The older you get, the quicker time seems to move. In 2020, the time has both contracted and expanded in ways that didn’t seem possible. Days in lockdown felt neverending but somehow the year is nearly over. How does that work?!
To grasp time a little better and make the days feel like they’re not slipping by in a confusing blur requires a change in mindset and as mindbodygreen points out, many of us function with a “scarcity mindset” — one which means the mind automatically focuses on unfulfilled needs.
“Scarcity is not just a physical limitation. Scarcity affects our thinking and feeling,” Psychology Today explains. “For example, food grabs the focus of the hungry. For the lonely person, scarcity may come in poverty of social isolation and a lack of companionship.”
Holistic psychiatrist Ellen Vora, M.D. explained the concept in a TikTok video and pointed out how those who are addicted to being busy or feel like their to-do list is neverending often fall into the scarcity mindset category.
In order to flip this thinking, Vora recommends reclaiming your time. An example of this is to go for a walk, even for just five minutes. Pausing what you’re doing to take some time out is effective at helping reclaim your time.
“That sends a signal of abundance to your brain rather than a signal of scarcity,” Vora said. “It starts to make you feel like you have enough, and everything starts to work a little more smoothly.”
While there isn’t a secret way to increase the number of hours in your day, flipping from a scarcity mindset to one of abundance is a good place to start. Creating defined breaks for yourself allows you to step off the hamster wheel and hopefully, slow down the speed in which time seems to be travelling.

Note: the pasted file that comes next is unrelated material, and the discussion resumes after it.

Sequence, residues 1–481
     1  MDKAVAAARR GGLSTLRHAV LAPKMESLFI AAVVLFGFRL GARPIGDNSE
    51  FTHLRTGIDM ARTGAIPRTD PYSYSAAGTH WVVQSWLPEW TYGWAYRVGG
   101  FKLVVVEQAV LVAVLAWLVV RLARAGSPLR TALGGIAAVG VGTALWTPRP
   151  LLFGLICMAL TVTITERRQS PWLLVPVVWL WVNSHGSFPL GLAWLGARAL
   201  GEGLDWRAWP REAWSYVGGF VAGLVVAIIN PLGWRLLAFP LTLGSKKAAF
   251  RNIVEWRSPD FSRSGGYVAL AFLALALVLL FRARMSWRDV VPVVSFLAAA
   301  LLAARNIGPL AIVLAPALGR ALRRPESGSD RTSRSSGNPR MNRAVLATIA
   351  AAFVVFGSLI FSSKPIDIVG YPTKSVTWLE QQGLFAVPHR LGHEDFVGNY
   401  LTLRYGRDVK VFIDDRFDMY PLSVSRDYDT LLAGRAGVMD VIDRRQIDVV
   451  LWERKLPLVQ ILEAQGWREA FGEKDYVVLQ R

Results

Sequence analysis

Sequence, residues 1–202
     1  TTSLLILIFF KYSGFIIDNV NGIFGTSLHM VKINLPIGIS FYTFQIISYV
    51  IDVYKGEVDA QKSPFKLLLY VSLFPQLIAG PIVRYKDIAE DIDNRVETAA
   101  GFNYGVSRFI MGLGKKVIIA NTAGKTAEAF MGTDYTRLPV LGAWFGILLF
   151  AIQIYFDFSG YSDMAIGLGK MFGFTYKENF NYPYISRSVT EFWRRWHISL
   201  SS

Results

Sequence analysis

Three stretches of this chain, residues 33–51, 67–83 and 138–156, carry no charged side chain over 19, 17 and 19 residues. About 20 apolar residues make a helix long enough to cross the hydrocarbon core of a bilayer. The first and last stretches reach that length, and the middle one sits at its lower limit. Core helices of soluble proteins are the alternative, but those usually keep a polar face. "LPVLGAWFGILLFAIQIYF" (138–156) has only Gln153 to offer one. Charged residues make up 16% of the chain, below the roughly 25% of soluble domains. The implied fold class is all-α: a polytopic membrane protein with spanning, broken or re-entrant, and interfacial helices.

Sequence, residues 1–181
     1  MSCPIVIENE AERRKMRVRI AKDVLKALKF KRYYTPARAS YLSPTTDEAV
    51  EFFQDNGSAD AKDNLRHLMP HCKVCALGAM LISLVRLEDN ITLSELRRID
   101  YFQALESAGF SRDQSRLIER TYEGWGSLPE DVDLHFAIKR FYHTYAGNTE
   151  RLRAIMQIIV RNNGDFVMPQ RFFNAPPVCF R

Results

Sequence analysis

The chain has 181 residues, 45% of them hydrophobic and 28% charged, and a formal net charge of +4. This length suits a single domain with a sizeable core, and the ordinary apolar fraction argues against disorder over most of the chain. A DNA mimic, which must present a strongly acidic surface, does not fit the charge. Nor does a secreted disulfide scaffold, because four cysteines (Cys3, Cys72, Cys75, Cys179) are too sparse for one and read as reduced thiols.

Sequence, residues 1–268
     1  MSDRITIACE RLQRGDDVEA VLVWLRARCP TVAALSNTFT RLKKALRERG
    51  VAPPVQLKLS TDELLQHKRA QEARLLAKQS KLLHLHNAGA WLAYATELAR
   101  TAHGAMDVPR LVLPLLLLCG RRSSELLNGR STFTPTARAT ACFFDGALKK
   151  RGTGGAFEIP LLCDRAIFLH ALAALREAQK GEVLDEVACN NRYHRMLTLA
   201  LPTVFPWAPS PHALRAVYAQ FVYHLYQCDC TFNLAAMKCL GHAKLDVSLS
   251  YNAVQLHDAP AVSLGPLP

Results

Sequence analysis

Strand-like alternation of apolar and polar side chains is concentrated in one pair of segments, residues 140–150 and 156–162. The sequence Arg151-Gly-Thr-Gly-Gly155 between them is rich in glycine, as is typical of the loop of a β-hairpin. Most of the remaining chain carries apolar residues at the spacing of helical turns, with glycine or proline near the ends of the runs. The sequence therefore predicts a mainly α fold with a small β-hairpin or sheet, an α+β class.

Another way to reclaim your time is by creating strict rules around screentime. We literally spend hours of our day glued to our phones and while scrolling Instagram might bring you enjoyment, it’s also sucking a lot of your time.
Think about how you feel when your ‘Screen Time’ report pops up on Sunday morning and says you’ve been on your phone for an average of four hours per day. It doesn’t feel great, right? Times that amount by seven days and you’re looking at 28 waking hours of your week spent on your phone.
Reclaiming even an hour or two in your week away from your phone would make a huge difference and give you more time to complete any tasks, which in turn would help flip your mindset.
Time is a fickle thing and something we’ll never quite master but attempting to stay present each day coupled with changes to the way you think about time should help you reclaim a little time in your day which you can spend doing things you enjoy.